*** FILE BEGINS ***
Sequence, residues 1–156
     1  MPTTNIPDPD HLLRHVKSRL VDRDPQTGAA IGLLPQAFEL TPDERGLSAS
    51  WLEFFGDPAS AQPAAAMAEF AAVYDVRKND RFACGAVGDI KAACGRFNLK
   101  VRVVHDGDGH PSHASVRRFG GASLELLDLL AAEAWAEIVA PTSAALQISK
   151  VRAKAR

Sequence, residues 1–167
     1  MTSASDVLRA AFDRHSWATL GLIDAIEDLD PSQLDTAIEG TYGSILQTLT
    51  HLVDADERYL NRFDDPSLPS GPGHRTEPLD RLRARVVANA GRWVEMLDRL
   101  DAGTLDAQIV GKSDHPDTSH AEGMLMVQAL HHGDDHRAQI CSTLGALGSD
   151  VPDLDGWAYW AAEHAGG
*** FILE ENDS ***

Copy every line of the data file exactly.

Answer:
Sequence, residues 1–156
     1  MPTTNIPDPD HLLRHVKSRL VDRDPQTGAA IGLLPQAFEL TPDERGLSAS
    51  WLEFFGDPAS AQPAAAMAEF AAVYDVRKND RFACGAVGDI KAACGRFNLK
   101  VRVVHDGDGH PSHASVRRFG GASLELLDLL AAEAWAEIVA PTSAALQISK
   151  VRAKAR

Sequence, residues 1–167
     1  MTSASDVLRA AFDRHSWATL GLIDAIEDLD PSQLDTAIEG TYGSILQTLT
    51  HLVDADERYL NRFDDPSLPS GPGHRTEPLD RLRARVVANA GRWVEMLDRL
   101  DAGTLDAQIV GKSDHPDTSH AEGMLMVQAL HHGDDHRAQI CSTLGALGSD
   151  VPDLDGWAYW AAEHAGG